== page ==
It is a feature of the present invention to provide a vibration and noise isolator arrangement, adapted for use with various types of cable actuators, which includes a truncated conical isolator sandwiched between an inner truncated conical sheath and an outer truncated conical reactive housing.
It is another feature of the present invention to provide a vibration and noise isolator arrangement which places the isolator in both compression and shear whereby improved isolation characteristics are attained over a range of loading, i.e. a constant spring rate providing a near linear load deflection curve and thereby linear isolation performance.
It a further feature of the present invention to provide a vibration and noise isolator arrangement for cable actuators enabling cable sheath self-centering and self-aligning while transmitting less vibration and noise.
It is another feature of the invention to provide a superior isolating vibration and noise system operative under a wide range of operating loads wherein the isolation system can be applied to both/either the cable core and/or the cable sheath.
It is still another feature of the invention to provide a cable noise and vibration isolator system with improved isolation with minimized total deflection which requires no post-bonding or other special means of assuring desired isolator load transmission.
It is still another feature of the present invention to provide a cable isolator system which is radially and axially compact for a given isolation performance.
These and other features and advantages of the invention will be more fully understood from the following detailed description of the invention taken together with the accompanying drawings.
FIG. 1 is a fragmentary perspective view of a transaxle housing and aft bellhousing showing a prior art actuator cable connected to an upper end of a clutch fork by a prior art arrangement;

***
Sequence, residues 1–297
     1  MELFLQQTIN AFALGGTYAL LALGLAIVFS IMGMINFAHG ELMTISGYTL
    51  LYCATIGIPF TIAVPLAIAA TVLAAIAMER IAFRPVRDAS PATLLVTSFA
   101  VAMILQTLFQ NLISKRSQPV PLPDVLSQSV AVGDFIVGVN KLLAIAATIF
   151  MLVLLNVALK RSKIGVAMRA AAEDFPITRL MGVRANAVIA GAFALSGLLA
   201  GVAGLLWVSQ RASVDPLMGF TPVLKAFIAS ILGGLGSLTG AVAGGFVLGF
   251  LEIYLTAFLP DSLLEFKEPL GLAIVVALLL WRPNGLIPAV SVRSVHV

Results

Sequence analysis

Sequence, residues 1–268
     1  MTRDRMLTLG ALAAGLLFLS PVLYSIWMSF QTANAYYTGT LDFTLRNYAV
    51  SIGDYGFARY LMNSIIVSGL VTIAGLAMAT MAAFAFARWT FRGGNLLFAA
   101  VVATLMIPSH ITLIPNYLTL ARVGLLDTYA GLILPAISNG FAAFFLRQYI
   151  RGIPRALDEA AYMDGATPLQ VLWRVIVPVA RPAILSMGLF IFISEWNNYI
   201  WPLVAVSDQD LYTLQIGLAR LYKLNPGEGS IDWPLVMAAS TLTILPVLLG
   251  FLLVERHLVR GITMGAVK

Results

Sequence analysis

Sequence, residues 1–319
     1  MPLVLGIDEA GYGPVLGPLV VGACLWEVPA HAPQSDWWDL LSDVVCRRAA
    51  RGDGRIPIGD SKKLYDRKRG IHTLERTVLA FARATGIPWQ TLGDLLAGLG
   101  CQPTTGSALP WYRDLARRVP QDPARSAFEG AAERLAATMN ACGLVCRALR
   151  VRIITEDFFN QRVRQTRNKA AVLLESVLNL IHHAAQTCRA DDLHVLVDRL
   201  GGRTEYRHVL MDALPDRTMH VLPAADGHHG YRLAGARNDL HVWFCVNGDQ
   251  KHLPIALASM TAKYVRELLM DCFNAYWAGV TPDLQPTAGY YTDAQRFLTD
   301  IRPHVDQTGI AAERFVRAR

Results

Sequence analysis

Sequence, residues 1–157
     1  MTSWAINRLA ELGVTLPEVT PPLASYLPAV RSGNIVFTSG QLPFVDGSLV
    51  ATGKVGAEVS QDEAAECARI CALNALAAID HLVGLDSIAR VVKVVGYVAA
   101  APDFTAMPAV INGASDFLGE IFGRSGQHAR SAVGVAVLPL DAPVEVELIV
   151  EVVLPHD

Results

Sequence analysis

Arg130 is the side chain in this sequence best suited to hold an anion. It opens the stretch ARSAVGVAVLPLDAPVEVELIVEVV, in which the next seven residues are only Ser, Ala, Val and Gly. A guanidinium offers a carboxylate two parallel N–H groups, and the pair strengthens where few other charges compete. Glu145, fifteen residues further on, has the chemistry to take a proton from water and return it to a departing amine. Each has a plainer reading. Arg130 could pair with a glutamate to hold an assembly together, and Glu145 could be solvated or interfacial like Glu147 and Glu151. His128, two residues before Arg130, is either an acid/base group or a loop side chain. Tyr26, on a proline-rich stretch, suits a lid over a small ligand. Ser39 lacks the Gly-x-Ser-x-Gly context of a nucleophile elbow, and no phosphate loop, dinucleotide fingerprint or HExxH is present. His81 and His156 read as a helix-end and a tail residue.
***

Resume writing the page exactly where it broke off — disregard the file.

FIG. 2 is a fragmentary enlarged top view of the FIG. 1 clutch actuator cable forward end showing a bellhousing wall boss engaging a prior art elastomeric isolator washer;
FIG. 3 is a fragmentary perspective view similar to FIG. 1 showing the improved clutch cable noise and vibration isolator of the present invention;
FIG. 4 is an enlarged fragmentary vertical sectional view taken on the line 4--4 of FIG. 3 showing the isolator assembly of the present invention;
FIG. 5 is a fragmentary perspective view of the structure of FIG. 4 shown in exploded axially spaced relation; and
FIG. 6 is an enlarged exploded view of the isolator assembly illustrating a reactive housing, isolator, and sheath of the present invention.
Referring now to the drawings, in FIG. 3 there is shown a conventional motor vehicle manual transaxle 10 including a manual shift control lever 11 and a manual shift cross-over lever 12. A cable actuator assembly, generally indicated at 13, includes a cable sheath 14 of suitable material such as, for example, hard rubber material. With reference to FIG. 4, a cable core 16, which in the disclosed form is a stranded rope-like assembly of wire, is shown surrounded in a spaced manner by a sheath passageway 17. One end of the core 16 is connected to a mechanism actuator or controller such as, for example, a vehicle clutch pedal or the like (not shown). The cable sheath forward end is formed with a series of cylindrical-shaped stepped portions shown at 22 and 24.